[stringtemplate-interest] v4 ST
gwlist at grahamwideman.com
Wed Oct 7 20:48:43 PDT 2009
At 10/7/2009 07:53 PM, Terence Parr wrote:
>attributes are injected into the template and *then* it's a evaluated.
>it reinforces idea of push vs pull. :)
Ah, right, thanks, you're reminding me of your emphasis on push to enforce separation of data and view issues. And specifically contrasting to other template mechanisms or languages which can grab any application data willy nilly (and possibly cause side-effects given that access).
That said, I think that "injection" is actually overstating the idea when it comes to the actual ST API. The setAttribute method (or whatever it's to be called), actually does not perform the injection of the data into the result, it just makes that data available to the ST object for later insertion where referenced by the template text. Ie: If the template text does not call for that data, then that data doesn't ultimately get rendered into the output.
So this apparatus indeed achieves the effect that you are promoting (the calling app gets to control what data is *permitted* in the output), but that's achieved through a combination of half push (setAttribute) and half pull (reference in template text).
Contrast this to "DOM injection", where chunks of HTML are injected into an existing HTML structure (ie: fragments of html DOM are written into an existing HTML DOM) completely under the contol of an application, with no cooperation or anticipation by the recipient DOM. *That* I think lives up to the word "injection".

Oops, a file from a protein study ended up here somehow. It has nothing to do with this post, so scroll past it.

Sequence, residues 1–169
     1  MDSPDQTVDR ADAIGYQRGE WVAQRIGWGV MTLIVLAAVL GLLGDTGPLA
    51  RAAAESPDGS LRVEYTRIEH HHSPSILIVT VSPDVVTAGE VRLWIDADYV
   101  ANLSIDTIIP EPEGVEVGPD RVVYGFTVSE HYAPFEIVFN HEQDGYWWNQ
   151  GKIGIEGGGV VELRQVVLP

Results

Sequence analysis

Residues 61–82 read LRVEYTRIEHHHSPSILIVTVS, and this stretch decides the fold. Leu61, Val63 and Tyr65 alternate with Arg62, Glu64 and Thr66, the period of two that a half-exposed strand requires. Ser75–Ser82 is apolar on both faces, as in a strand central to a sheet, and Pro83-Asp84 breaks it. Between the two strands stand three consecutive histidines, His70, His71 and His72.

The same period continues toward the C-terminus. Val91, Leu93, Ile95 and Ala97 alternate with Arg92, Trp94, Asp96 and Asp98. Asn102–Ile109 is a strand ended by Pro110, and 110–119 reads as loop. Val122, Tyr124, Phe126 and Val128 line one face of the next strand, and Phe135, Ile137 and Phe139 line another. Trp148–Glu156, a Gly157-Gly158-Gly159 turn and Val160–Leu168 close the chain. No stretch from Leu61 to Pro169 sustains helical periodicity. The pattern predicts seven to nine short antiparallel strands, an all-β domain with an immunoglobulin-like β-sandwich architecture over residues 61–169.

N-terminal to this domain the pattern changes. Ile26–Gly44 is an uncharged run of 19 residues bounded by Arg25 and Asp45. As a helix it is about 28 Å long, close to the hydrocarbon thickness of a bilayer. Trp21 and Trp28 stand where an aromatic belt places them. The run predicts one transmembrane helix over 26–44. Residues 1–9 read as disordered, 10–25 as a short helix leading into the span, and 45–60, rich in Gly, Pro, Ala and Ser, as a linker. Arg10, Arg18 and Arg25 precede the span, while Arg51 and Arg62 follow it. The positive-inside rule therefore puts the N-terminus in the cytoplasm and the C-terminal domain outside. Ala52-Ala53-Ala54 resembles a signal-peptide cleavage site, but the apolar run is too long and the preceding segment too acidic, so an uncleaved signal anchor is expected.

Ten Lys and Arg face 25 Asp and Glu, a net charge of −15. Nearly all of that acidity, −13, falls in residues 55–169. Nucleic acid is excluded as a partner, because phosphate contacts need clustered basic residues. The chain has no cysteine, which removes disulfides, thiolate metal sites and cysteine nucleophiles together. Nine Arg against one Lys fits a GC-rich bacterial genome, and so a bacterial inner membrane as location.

The step in the action that's most like "injection", IMO, is the point during toString when template text and attributes get merged together. One might imagine the ST object acting on behalf of the calling app to inject the data, perhaps.
Anyhow, none of this diminishes the attractiveness of the overall ST concept -- just that what sounds good as "inject" at the conceptual intent level maps to a combination of features in the ST implementation, and not one particular method -- in my view.
And whatever that *&^% method is called, I'll still be willing to call it :-).
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